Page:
Recent inspection reports from WorkSafe BC show health and safety issues are still a serious problem at Howe Sound Pulp and Paper (HSPP).
WorkSafe filed two reports in late October, and one this week, detailing 13 outstanding orders.
WorkSafe also makes a connection between the shutdown of the paper side of the Port Mellon mill, which was announced in July of 2015, and the effectiveness of the joint health and safety committee (JOHSC).
“They are the backbone of any safety program,” one report says. “However, the JOHSC used to be more effective than they are at present. Prior to the closure of the paper side it had several sub-committees. The sub-committees were casualties of the recent layoffs associated with the elimination of the paper side of the mill since many of the members on the sub-committees were no longer employed.”
The report goes on to say that while the situation is improving, “a common concern was the length of time it takes from when hazards are identified and when the issue is resolved.”
Earlier this year Unifor, the union representing workers at HSPP, took the unusual step of going public with concerns about how HSPP parent company Paper Excellence was dealing with health and safety.
In a May 26 letter to Coast Reporter, Scott Doherty, executive assistant to Unifor’s national president, said: “Our union has bent over backwards to find compromises and improve a worsening situation at the mill. Improving health and safety is a basic element of good management, and clearly, we need the community’s help.”
Last month’s WorkSafe reports outline situations “where items which should have been identified through an effective inspection program but have fallen between the cracks.” They include seatbelts not being regularly used on site, a leaking acid pipe that hasn’t been properly repaired in three years, and a “near miss” incident where a loader was buried in a cave-in while unloading a chip barge.
The reports aren’t all negative, however. For example, WorkSafe praises HSPP’s fire department. “The on-site fire department has responded exemplary numerous times over the years proving their worth, at least one of which occurred between the conclusion of this inspection and the writing of this report.”
Two of the outstanding orders specifically criticize how internal inspections and accident investigations are handled. One notes that “full investigation reports for four lost-time accidents have not been submitted to the board within 30 days of the incident,” and another says, “as evidenced by the number of violations observed, and orders written, it is clear that this employer has failed to ensure that effective regular inspections are made of the workplace. The conditions on this site are such that they clearly accumulated over time without being addressed... The employer has failed to ensure that regular inspections are made of all workplaces, including buildings, structures, grounds, excavations, tools, equipment, machinery and work methods and practices, at intervals that would prevent the development of unsafe working conditions.”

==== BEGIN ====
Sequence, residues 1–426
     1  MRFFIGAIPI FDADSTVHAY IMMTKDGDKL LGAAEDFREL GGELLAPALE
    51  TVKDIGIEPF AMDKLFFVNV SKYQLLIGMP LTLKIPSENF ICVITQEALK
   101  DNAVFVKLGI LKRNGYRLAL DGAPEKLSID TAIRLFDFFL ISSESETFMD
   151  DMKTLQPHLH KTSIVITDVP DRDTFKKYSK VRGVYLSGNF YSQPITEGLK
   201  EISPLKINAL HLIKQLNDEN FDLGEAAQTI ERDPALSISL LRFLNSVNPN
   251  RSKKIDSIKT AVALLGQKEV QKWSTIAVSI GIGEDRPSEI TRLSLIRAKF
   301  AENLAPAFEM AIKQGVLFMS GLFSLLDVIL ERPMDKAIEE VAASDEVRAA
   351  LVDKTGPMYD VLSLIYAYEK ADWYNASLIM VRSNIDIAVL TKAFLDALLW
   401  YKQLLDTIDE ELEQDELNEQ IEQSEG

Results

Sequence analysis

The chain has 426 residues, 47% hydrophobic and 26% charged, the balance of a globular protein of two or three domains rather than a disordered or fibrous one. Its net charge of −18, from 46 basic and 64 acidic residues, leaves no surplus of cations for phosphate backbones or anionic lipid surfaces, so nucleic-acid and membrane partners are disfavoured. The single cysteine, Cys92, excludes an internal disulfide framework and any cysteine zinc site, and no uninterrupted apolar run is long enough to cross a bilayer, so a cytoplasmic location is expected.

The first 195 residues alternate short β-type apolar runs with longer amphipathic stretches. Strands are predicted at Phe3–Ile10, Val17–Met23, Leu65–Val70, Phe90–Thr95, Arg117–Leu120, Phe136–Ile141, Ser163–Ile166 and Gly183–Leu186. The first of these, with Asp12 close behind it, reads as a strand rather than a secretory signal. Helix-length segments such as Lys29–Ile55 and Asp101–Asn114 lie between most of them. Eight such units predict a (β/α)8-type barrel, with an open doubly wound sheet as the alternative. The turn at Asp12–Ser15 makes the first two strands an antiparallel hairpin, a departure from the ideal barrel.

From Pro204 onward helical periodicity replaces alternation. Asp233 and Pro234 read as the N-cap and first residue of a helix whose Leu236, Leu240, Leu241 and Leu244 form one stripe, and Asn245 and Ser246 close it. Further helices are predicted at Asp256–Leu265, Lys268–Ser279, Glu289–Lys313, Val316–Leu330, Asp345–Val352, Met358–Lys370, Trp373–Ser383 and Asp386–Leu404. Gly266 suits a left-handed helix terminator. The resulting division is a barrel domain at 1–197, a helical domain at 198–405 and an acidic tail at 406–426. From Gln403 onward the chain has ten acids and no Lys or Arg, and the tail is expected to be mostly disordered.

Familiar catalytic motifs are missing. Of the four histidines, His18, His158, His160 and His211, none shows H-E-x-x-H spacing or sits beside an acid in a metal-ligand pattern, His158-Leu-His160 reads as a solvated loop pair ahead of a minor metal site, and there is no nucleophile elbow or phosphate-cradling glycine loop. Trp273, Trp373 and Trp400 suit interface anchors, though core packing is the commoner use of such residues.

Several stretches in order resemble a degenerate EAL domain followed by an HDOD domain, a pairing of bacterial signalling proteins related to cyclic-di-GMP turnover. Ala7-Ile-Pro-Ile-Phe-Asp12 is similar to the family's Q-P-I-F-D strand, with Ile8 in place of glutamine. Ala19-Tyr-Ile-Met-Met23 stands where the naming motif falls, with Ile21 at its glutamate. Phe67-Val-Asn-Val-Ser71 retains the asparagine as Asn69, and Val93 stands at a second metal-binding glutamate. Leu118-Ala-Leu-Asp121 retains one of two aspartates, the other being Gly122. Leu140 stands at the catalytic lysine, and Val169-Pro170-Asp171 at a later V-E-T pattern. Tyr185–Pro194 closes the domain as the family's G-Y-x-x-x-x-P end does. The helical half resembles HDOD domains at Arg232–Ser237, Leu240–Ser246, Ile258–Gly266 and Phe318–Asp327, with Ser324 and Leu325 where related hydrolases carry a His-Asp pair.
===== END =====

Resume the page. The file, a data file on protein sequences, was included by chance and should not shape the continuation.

Unifor Local 1119 president Don Rheaume said the union and the company are addressing the outstanding issues.
“The union is monitoring the progress of each of these orders, including how the Joint Occupational Health and Safety Committee is working,” he said. “The safety committee and our joint policies and procedures are key to keeping people safe and reducing the risk of injury and must be fully supported by everyone. The union is in discussions with the employer on a number of fronts and we are working together to make those improvements.”
Kathy Cloutier, communications director with Paper Excellence, said the WorkSafe inspections were planned as part of a commitment to ensure that health and safety programs meet or exceed provincial requirements.
“Our JOHSC is a critical component of our safety program and our success in safety,” she said. “The committee sets annual targets for safety improvement and meets monthly to review our safety program elements and make recommendations to both the union and management on ways we can improve. Sub-committees are rebuilding with increased activity monthly on critical committees.”
A follow-up inspection by WorkSafe on Nov. 16 found the company had properly addressed three of the orders in the earlier reports.
Powell River-Sunshine Coast MLA Nicholas Simons told Coast Reporter this week that HSPP workers and their families have been contacting him regularly with worries about the situation in Port Mellon, and he was sent copies of the WorkSafe reports.
Simons, who’s been trying to get a meeting with company officials since Unifor went public in May, said there’s a marked contrast between the situation at HSPP and at the Catalyst paper mill in the Powell River part of his riding.
“I have not had the number or level of concerns that I’ve heard about Paper Excellence anywhere else. I meet regularly with people from Catalyst and I talk regularly with employees from Paper Excellence, and this seems to me – and I hope it is – a temporary situation that’s going to be fixed.”
– With files from Coast Reporter archives